Scientific Journals have a power law distribution, like a network effect. The best journals attract the best articles, which have the biggest impact on academic reputation and so on.
But we see the same power law distribution in social networks. Scientists won't be impressed by the number of Twitter followers. But they might be impressed by a numerical grading by peers in an transparent online system.
Scholarly Societies: Force For Change Or Inertia?
According to OpenOasis.org:
"scholarly societies are small publishers with one, two or a few journals in their portfolio. Originally the bedrock of scholarly publishing, for the last half-century society publishers have found it difficult to compete against the increasingly-powerful commercial publishers for a share of libraries' shrinking budgets. At the same time, societies have found their publishing operations have provided a useful - sometimes essential - revenue stream."
According to one source, scholarly societies
"split the subscription fees with the STM publishers. So they are addicted to
the revenue stream of that $10B market too, and are thus loathe to go
to an open access model."
That makes them a force for inertia. But this may be changing fast, according to OpenAsis.org:
"Many societies have already travelled this road already. The Suber & Sutton study carried out in 2007 found 428 societies active in Open Access publishing. Of these, Suber & Sutton found 425 societies publishing 450 fully Open Access journals and 21 societies publishing 73 'hybrid' Open Access journals (containing both Open Access and Toll Access articles)."
What Will Trigger Disruptive Change?
We will see incremental change based on normal advances in technology and market pressure in 3 areas:
1 Scientific search and discovery tools will get better and get used more. This will gradually drive more scientists to publish this way.
2. In some disciplines, recognition with an open access database/system may start to have a serious impact on academic reputation ("designation"). This will have a gradual impact on other disciplines. This might be already happening in Physics.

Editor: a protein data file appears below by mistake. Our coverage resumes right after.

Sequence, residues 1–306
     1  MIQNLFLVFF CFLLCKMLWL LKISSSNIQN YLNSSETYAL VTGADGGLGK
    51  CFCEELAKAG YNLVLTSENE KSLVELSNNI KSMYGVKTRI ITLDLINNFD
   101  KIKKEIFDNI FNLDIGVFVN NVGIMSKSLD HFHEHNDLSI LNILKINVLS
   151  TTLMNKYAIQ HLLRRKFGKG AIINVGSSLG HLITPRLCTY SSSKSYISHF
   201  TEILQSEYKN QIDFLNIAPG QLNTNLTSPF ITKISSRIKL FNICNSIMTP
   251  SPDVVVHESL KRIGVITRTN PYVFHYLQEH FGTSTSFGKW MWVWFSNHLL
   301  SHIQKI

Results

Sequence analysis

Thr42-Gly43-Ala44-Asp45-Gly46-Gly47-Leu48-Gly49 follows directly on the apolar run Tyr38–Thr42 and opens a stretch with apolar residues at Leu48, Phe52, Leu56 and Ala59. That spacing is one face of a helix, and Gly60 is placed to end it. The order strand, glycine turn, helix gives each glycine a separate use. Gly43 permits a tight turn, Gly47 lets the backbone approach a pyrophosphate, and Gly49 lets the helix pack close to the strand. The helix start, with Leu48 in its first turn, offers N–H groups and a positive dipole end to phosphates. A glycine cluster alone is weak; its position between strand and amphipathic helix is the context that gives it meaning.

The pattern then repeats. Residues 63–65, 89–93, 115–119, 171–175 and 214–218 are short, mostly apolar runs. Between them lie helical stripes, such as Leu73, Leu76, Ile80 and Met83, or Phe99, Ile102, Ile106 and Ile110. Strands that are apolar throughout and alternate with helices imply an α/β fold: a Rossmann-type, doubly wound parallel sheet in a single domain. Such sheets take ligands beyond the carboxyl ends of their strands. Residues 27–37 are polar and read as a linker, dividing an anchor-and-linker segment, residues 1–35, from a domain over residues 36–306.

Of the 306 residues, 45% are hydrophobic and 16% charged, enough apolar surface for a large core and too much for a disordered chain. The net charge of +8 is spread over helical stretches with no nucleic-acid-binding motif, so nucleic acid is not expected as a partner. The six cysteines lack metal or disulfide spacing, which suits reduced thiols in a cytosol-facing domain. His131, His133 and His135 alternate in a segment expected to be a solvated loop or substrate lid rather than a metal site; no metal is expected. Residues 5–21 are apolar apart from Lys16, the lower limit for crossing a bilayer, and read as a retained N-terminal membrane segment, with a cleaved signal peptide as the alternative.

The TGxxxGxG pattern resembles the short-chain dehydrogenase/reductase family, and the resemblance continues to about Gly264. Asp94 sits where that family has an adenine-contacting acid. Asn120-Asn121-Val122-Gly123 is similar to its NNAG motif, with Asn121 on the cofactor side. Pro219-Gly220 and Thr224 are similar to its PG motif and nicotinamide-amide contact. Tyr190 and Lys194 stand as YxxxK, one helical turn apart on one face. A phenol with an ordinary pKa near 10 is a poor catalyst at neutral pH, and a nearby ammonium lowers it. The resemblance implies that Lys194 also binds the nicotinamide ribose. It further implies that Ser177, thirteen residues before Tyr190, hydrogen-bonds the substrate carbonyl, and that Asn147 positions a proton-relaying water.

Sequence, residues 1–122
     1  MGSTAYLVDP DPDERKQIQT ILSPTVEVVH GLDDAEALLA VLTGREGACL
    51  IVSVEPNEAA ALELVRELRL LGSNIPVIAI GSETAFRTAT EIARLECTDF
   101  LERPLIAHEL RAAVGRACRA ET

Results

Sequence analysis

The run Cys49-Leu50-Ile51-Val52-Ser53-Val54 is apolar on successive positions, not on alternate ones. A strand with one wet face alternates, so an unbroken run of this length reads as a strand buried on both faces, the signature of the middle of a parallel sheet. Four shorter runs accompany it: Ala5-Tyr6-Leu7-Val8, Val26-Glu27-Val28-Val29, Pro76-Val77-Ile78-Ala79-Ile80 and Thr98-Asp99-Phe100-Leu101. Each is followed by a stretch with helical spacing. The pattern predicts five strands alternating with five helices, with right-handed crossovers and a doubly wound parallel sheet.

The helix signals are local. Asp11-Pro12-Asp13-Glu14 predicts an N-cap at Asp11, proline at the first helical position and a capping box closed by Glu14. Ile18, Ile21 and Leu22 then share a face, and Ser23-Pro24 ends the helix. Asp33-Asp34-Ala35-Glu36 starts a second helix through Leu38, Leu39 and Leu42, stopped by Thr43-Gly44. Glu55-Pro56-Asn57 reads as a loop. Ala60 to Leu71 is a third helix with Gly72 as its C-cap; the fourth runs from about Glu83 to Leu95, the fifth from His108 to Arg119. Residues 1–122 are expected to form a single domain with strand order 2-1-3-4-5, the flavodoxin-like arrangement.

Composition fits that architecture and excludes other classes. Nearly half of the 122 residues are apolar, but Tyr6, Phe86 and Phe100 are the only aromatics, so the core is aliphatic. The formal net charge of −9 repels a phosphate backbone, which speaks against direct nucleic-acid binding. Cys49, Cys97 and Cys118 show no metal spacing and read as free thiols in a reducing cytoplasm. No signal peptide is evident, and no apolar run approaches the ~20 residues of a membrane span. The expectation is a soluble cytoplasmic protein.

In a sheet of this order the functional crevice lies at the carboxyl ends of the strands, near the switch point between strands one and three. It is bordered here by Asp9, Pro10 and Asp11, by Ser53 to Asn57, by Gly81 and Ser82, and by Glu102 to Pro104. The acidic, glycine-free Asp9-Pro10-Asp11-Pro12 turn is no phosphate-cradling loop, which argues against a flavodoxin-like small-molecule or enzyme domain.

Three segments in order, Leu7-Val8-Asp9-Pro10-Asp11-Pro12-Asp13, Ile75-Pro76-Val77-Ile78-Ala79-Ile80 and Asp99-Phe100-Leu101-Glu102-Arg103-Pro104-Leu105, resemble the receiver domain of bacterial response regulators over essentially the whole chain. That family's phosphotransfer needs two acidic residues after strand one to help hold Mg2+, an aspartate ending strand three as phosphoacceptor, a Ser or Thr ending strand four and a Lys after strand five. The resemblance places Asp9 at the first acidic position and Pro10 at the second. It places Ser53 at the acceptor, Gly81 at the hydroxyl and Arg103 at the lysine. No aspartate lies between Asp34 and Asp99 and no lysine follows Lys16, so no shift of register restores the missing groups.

3.Funding constraints may force more libraries to drop print and demand electronic only. They will then demand much, much lower prices, which can only be met from a fundamentally different approach.
At some point these 3 forces of change may feed off each other and trigger a "phase transition" (to use a concept that thermodynamic scientists and engineers are familiar with; tipping point is the marketing version of the same concept).
But it is likely that an exogenous force will drive disruptive change. The institutions that fund research may demand open access. In some cases they already are. For example, the National Institute of Health Public Access Policy:
"The NIH Public Access Policy ensures that the public has access to the published results of NIH funded research. It requires scientists to submit final peer-reviewed journal manuscripts that arise from NIH funds to the digital archive PubMed Central upon acceptance for publication. To help advance science and improve human health, the Policy requires that these papers are accessible to the public on PubMed Central no later than 12 months after publication."
This is also happening in the UK and probably other countries.
This gets back to the $12 billion (STM publishing) versus $1 trillion (cost of science) big picture. This is not like book, software or music publishing where the authors have to reinvent themselves to deal with digital economics. Scientific researchers will still get paid as they do now. All they want is for their output to be reviewed by peers, discovered and recognized.